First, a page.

u_char cdmsf_min0; /* the minute offset to start at */
u_char cdmsf_sec0; /* the second offset to start at */
u_char cdmsf_frame0; /* the frame offset to start at */
u_char cdmsf_min1; /* the minute offset to end at */
u_char cdmsf_sec1; /* the second offset to end at */
u_char cdmsf_frame1; /* the frame offset to end at */

When ioctl is called with these arguments, the CD-ROM will play from the beginning address to the ending address, and then automatically stop. There is no way to ask a single track to be played - the addresses for the beginning and the end of the track must be discovered, an then passed to the ioctl call. The following code will play the first track of a music CD. It is assumed that the address and length of the track have already been discovered.

struct cdrom_msf region;
/* play the first track of a CD */
int offset_min, offset_sec, offset_frame;    /* offset for address of first track */
int length_min, length_sec, length_frame;    /* length of first track */
int fd;
int end_min = 0, end_sec = 0, end_frame = 0;    /* ending address for first track */

/*******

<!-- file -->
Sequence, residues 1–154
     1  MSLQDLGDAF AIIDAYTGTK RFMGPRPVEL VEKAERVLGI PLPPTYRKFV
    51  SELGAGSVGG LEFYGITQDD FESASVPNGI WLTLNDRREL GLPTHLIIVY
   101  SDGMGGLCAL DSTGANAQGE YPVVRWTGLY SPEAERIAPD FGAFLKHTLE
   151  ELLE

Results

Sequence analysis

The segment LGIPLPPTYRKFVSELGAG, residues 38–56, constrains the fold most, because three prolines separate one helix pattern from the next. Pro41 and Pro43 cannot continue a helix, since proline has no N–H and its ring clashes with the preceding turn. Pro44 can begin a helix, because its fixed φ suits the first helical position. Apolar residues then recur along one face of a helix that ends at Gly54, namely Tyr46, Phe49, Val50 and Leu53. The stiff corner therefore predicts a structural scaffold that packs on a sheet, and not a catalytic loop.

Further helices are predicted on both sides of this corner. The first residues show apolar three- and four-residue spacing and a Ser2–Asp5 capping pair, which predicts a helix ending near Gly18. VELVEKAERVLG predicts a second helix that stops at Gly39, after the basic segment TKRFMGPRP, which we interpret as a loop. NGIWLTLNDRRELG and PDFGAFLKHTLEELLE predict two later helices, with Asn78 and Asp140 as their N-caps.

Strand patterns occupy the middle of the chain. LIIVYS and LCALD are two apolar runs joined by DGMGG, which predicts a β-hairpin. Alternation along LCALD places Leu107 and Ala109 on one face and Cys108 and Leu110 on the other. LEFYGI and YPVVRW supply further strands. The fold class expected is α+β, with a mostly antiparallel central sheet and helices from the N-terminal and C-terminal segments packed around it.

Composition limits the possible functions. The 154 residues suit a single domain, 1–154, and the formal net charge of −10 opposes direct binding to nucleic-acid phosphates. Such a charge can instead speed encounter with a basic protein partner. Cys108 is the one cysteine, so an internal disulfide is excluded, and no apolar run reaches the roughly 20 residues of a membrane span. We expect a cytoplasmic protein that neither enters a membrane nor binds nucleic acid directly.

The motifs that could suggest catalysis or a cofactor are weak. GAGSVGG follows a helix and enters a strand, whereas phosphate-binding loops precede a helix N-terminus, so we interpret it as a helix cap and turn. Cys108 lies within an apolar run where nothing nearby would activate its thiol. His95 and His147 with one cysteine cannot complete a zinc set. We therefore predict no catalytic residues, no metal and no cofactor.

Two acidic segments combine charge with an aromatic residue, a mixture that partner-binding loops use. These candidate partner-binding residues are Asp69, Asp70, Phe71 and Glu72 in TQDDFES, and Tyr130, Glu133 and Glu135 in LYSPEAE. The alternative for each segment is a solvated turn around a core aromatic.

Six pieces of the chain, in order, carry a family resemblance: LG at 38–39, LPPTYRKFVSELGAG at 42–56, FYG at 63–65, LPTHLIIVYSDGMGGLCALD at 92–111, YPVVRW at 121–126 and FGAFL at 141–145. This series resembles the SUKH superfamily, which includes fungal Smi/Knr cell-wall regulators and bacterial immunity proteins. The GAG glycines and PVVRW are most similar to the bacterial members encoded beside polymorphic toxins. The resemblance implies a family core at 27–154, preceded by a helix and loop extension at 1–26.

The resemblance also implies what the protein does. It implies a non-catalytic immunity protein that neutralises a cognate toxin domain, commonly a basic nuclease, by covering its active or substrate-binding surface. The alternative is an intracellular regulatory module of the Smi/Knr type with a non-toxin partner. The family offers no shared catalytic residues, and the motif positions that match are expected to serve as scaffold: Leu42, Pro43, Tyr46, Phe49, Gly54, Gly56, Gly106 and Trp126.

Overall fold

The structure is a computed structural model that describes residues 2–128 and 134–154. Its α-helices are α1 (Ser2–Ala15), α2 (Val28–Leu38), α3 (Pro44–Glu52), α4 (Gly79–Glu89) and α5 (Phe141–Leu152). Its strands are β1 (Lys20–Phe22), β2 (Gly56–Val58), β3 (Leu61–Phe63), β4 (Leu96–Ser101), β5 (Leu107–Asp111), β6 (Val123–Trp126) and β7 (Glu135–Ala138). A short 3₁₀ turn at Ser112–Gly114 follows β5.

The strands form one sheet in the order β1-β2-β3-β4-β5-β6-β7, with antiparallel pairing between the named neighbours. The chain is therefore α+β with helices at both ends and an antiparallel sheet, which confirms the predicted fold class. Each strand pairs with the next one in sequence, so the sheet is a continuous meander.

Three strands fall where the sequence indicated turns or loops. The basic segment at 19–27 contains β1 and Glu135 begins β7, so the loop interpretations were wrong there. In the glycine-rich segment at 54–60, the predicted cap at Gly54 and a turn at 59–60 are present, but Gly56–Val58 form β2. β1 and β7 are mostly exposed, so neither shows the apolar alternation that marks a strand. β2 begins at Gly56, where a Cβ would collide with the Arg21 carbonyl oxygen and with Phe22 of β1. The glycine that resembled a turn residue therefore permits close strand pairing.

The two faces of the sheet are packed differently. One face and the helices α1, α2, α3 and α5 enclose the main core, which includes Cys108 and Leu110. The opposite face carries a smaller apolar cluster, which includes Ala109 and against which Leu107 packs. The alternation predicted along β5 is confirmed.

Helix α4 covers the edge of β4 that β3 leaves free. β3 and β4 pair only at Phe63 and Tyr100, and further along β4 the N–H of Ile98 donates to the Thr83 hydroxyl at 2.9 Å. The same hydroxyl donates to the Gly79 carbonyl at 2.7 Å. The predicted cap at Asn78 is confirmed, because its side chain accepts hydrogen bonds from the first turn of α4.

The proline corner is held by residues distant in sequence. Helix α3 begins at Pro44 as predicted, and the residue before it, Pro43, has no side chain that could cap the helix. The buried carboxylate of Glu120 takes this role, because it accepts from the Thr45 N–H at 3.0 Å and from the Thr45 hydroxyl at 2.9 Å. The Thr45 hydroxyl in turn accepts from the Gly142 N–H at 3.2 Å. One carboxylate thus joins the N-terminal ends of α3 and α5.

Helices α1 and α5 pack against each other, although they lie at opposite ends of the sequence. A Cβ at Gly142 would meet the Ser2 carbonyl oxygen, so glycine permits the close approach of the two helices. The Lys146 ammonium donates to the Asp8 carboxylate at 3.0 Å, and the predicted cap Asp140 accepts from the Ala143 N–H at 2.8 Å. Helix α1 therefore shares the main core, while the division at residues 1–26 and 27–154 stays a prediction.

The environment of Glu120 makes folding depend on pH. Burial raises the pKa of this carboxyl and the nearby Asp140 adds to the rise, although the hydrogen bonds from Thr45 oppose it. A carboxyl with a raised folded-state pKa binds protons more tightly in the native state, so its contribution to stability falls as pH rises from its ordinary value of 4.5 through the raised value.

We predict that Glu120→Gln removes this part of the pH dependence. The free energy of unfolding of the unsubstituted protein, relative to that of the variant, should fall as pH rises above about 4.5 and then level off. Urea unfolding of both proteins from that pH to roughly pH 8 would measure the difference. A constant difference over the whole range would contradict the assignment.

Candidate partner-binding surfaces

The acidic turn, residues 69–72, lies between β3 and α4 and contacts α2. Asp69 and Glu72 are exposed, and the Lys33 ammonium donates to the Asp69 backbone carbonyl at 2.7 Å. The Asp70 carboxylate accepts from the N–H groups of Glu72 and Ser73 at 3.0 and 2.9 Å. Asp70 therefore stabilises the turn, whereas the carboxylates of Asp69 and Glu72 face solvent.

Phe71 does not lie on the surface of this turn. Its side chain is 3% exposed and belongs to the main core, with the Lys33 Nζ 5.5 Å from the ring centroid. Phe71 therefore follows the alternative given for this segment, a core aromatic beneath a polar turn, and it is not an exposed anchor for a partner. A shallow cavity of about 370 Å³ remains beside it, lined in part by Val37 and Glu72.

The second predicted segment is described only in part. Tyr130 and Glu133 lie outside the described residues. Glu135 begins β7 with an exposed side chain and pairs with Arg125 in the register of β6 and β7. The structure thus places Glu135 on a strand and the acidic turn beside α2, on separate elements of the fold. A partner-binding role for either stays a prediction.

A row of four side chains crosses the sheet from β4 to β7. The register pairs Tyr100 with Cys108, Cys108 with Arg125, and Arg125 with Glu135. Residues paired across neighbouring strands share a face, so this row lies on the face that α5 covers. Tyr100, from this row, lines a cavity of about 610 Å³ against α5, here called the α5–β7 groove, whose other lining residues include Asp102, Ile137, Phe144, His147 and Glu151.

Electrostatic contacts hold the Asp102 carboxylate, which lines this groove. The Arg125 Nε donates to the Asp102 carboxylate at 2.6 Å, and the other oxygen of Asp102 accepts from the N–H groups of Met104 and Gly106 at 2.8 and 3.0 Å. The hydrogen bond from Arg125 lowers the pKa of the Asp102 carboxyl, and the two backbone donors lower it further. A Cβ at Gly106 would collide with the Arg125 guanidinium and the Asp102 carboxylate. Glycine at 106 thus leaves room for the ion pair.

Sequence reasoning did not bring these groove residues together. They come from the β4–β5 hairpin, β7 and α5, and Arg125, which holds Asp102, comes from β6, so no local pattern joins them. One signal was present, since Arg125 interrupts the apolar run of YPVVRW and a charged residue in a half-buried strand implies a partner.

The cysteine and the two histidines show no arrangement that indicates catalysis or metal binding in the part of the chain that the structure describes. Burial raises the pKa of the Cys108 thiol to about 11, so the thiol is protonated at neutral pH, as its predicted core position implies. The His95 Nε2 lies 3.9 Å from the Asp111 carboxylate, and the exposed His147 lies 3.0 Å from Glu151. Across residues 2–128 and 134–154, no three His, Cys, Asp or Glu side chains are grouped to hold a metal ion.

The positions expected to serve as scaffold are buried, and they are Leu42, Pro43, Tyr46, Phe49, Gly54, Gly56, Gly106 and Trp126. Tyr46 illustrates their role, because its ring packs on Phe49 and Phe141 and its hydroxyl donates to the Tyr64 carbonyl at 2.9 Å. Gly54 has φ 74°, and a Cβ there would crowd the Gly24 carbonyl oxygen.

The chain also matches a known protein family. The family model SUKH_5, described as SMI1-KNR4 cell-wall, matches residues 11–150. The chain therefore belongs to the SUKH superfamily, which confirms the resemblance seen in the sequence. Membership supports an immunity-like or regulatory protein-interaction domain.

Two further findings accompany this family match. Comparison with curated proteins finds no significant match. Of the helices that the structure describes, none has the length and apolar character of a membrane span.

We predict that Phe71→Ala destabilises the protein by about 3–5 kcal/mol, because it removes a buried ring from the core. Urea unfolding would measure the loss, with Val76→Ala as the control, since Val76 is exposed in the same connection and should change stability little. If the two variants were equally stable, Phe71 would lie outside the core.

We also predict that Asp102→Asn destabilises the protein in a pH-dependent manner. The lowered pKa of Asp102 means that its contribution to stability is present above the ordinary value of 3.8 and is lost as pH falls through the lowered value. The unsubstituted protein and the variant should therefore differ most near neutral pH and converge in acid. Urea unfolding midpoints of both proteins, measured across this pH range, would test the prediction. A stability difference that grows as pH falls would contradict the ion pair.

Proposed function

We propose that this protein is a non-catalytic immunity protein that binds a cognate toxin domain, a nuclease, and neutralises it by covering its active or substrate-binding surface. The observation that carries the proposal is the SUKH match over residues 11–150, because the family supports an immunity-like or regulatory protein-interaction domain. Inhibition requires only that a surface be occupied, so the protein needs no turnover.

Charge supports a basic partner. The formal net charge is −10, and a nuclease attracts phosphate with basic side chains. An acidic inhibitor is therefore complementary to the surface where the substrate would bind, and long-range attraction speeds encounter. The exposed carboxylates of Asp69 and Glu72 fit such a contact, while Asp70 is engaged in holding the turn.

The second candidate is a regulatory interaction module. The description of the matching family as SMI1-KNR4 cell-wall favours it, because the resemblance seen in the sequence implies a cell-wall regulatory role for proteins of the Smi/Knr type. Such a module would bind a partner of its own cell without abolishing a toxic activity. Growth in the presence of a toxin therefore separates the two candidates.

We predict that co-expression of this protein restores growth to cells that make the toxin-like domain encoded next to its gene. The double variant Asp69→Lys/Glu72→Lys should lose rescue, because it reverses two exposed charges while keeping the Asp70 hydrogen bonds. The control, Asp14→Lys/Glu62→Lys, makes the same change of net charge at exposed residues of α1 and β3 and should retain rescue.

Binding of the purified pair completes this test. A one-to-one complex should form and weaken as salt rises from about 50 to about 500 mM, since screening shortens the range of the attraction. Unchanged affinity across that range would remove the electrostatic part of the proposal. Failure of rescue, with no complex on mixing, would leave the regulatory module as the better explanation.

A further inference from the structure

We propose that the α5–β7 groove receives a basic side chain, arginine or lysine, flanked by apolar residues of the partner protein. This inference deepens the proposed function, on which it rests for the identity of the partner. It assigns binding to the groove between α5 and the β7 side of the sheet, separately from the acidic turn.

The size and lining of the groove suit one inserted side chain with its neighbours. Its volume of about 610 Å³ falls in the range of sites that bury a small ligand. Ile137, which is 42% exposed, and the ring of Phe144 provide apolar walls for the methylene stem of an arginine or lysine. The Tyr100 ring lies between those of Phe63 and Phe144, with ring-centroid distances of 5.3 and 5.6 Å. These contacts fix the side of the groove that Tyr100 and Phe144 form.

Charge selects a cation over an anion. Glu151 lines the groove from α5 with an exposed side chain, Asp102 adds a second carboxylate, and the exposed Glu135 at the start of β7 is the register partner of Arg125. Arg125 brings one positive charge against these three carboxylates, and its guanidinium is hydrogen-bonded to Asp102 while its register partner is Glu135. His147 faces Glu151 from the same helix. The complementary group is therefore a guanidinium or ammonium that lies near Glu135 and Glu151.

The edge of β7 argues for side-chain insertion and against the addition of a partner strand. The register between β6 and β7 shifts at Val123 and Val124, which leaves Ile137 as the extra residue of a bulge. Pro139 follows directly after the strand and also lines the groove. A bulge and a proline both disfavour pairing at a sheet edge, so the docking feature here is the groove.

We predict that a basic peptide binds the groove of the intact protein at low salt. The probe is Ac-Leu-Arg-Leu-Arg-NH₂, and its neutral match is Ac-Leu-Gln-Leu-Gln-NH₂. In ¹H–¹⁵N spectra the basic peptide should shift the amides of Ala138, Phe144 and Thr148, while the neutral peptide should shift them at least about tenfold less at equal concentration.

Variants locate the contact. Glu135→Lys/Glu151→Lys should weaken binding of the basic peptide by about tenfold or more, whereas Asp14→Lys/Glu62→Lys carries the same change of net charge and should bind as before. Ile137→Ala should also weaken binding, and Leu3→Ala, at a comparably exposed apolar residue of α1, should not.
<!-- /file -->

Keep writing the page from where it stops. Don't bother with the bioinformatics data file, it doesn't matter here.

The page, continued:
code for getting the file descriptor and offset and length of the first track
*******/

end_frame = offset_frame + length_frame;    /* calculate the frame offset */
if(end_frame >= CD_FRAMES) {    /* make sure that ending frame address is within it's limits */
    end_sec += end_frame / CD_FRAMES;
    end_frame %= CD_FRAMES;
}
end_sec += offset_sec + length_sec;    /* calculate the second offset */
if(end_sec > CD_SECS) {    /* make sure that ending second address is withing limits */
    end_min += end_sec / CD_SECS;
    end_sec %= CD_SECS;
}
end_min = offset_min + length_min;    /* calcualte the minute offset */

/* specify the region to play */
region.cdmsf_min0 = offset_min;
region.cdmsf_sec0 = offset_sec;
region.cdmsf_frame0 = offset_frame;
region.cdmsf_min1 = end_min;
region.cdmsf_sec1 = end_sec;
region.cdmsf_frame1 = end_frame;

/* call ioctl */
if(ioctl(fd, CDROMPLAYMSF, ®ion) != 0) {
    fprintf(stderr, "Error playing first track of CD\n");
    exit(1);
}

Once the CD is playing, your program is not needed at all. You can even exit the program and the music will keep playing.

Other operations

I've already covered most of the more difficult operations. There are only a few loose ends to be tied up. All of these operations pass the file descriptor to as the first argument to ioctl. Most of these operations, do not give a third argument to ioctl unless explicitly stated.